Criterion next ports over the 56-minute 2001 documentary by Sandro Lai, The Eye that Changed Cinema. Consisting of archival interviews with Antonioni, along with archival footage of the various award wins for his films, the documentary examines the filmmaker’s development of style and language over the course of his career. It’s nicely broken out, pulling in interviews taken around the time of each release of a film. During these interviews he goes over what he’s trying to accomplish with each film in terms of filmmaking, not necessarily what he’s trying to convey in what story there is, ultimately coming off more as a painter discussing his work rather than a painter. You get an idea he was still trying to discover his style and voice, so to speak, in earlier interviews, but the later ones lack that, especially when he talks about Red Desert. His later discussions about making films in America prove to be especially fascinating, particularly for Zabriskie Point where he compares the differing working conditions between Europe and the States, and also talks about what he finds most fascinating about the States, coming off fairly excited about the move, while a couple of other later discussions about the technical components that go into his films seems to invigorate him even more. In one he seems rather blown away about the advancement of computer technology and how its use will expand imaginations and visuals in terms of cinema, bringing Lucas and Spielberg up as examples. Of course he does ponder how the general advancement in technology would weigh on human relationships, which made me try to picture what a film of his would look like if he made one today. Concluding with a look at a museum opened in his honour, this documentary was a wonderful and particularly fascinating examination of the man and his work, from the man himself, opening up one’s understanding of his work in a fairly concise and engaging way.
The discs then close with Elements of Landscape, a 22-minute interview segment featuring film critic Adriano Aprà and Antonioni’s friend Carlo di Carlo. The two were filmed separately and Aprà has the bulk of the interview, talking about Antonioni’s examinations of the modern world and how it has impacted relationships, and how the filmmaker conveys this through his framing, use of objects, and the actors themselves who are referred to as being “like zombies” as they also had to fit into the director’s visual language. Carlo pops up occasionally about how some ideas more than likely came about and also explains the title, while both then talk about the film’s very unconventional ending. The content here is good and adds yet more educational material about Antonioni’s style, further aiding in how to read his films, but this one manages to come off as the stuffiest feature in a set of supplements that surprisingly seemed to avoid ever coming off that way.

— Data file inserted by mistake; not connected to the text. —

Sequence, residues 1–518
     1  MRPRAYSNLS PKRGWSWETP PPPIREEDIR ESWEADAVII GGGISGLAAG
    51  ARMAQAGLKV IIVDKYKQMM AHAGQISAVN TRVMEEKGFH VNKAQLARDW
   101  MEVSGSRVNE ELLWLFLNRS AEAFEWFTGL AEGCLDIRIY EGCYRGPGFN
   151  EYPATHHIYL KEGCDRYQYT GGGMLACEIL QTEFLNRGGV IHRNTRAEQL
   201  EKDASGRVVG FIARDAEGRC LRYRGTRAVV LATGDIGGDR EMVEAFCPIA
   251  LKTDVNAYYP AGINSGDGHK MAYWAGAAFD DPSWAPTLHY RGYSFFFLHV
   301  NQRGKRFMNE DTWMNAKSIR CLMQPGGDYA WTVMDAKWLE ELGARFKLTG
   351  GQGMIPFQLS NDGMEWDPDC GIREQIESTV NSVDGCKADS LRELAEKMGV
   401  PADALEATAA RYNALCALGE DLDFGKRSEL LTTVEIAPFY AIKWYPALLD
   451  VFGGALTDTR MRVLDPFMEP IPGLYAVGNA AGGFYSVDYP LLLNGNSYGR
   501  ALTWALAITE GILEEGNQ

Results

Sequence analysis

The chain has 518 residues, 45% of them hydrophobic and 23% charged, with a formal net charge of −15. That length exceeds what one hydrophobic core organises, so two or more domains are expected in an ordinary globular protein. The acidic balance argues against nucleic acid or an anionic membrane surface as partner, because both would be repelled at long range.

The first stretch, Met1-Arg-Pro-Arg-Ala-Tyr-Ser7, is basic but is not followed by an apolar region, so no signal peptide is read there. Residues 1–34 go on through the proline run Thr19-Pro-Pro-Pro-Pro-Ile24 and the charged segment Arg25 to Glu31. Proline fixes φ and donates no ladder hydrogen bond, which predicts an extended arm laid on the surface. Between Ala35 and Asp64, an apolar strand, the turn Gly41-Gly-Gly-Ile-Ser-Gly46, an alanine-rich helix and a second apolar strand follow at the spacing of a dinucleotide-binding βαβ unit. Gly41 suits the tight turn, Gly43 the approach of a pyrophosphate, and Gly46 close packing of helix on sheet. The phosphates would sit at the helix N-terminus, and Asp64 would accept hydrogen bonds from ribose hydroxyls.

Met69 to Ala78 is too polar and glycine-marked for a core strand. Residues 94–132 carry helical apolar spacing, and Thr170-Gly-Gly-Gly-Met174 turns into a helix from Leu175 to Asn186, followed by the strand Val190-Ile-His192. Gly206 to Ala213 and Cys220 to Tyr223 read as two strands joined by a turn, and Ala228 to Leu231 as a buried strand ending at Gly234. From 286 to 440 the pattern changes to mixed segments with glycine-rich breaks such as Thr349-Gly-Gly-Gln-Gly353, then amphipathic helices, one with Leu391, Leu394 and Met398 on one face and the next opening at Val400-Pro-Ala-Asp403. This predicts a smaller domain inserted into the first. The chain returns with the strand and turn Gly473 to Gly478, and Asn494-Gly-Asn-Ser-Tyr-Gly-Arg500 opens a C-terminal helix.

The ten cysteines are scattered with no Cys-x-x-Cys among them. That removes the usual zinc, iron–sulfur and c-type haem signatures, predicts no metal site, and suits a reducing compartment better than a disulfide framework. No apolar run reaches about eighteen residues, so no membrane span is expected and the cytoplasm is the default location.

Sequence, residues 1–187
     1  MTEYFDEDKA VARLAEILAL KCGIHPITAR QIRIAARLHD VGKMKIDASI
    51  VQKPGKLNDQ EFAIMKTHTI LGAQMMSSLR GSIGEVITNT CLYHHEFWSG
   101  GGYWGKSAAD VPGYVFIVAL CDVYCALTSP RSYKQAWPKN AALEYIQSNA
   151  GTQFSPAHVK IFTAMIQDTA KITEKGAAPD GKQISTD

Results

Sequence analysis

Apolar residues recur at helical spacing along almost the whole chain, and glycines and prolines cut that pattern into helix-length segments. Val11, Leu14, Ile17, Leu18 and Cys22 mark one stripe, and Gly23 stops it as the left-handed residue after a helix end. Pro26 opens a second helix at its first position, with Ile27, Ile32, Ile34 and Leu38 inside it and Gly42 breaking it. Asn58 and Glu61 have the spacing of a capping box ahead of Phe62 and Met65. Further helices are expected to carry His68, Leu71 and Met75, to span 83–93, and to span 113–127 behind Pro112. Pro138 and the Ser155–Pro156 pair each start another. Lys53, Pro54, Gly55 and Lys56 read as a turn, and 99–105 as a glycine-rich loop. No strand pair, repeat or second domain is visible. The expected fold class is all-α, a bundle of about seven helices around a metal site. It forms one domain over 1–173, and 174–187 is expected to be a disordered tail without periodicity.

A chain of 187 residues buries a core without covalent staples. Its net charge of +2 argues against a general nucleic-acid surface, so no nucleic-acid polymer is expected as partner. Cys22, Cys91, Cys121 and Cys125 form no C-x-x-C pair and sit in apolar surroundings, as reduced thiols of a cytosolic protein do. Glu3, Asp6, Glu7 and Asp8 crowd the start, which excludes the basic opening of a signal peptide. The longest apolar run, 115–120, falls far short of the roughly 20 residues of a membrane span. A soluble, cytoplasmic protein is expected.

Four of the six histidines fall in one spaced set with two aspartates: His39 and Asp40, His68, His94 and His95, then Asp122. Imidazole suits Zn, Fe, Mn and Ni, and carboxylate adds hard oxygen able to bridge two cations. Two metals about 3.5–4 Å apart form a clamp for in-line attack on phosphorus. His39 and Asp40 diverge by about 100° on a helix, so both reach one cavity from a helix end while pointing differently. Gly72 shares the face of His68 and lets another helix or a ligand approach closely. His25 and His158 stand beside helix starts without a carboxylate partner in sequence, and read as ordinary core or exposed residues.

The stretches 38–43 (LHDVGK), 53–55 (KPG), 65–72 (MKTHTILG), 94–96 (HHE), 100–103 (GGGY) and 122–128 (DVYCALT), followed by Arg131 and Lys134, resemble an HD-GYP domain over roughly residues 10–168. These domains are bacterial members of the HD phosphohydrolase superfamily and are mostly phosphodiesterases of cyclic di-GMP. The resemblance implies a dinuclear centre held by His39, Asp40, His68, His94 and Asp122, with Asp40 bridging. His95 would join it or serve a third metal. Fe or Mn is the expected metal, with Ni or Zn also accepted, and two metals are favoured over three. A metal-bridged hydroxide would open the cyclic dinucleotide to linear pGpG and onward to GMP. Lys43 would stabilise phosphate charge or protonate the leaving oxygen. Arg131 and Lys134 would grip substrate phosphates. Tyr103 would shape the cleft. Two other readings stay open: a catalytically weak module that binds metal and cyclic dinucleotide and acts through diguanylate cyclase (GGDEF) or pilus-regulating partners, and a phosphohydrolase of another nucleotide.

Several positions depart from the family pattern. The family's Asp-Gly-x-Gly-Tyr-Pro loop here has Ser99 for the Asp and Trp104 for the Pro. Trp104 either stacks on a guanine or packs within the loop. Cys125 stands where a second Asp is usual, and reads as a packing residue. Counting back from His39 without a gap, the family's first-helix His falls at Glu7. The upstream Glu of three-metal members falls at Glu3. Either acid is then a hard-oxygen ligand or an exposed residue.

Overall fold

For the DVD the two featurettes appear on the second single-layer DVD, while the commentary (which is, as noted above, not the correct one as of this writing) accompanies the film on the first dual-layer disc.
The release also comes with a fairly extensive booklet, including more great material on the film and Antonioni’s film work by Jonathan Rosenbaum, as well as an essay by Gilberto Perez on the collaborations between Antonioni and Monica Vitti. The booklet then concludes with a some excerpts from Antonioni’s own writings on his work. In addition to the supplements on the discs this booklet manages to stack on more wonderful insights into L’eclisse and the director. Though the booklet is laid out a little differently with different photos, the written material appears to be the same.
Antonioni’s films are not easy, from their occasionally disorienting visuals (what are we looking at and why are we looking it?) and cutting (how the hell did we get here?) to their unconventional narratives they can be incredibly abstract and occasionally alienating. A lot of newcomers may be unsure of what they’re seeing and feel lost. Criterion usually aims to alleviate that in their supplements for Antonioni’s films but I feel L’eclisse, despite the short run time overall, represents Criterion’s best efforts in this regard. All of the material taken together probably offers the best primer on how to look at Antonioni’s work and really helps on deciphering not only this film, but his work as a whole. The supplements may feel like they’re slight, but I think this is a case where the quality clearly negates any concerns over quantity.
Update: Criterion has corrected the issue with the commentary and all future pressings of this edition will include DVDs with the correct commentary. For anyone who purchases this edition but still receives the DVD with the incorrect commentary, they can contact Jon Mulvaney at email@example.com about getting a replacement disc.
No upgrades in supplements (unless you want to count the fact that the DVD, as of now, comes with the commentary for Riot in Cell Block 11 in place of Peña’s track.) When taken at face value it doesn’t look like there’s a lot on here, but taken together the supplements manage to offer a better examination of Antonioni’s unique style over some of Criterion’s other releases for the director’s films. The transfers on both the DVD and Blu-ray also offer a nice improvement over the previous DVD, correcting some source issues on the old edition, like the flickering and pulsating, and some of the more egregious marks. The Blu-ray also offers a noticeably sharper image. This release comes highly recommended.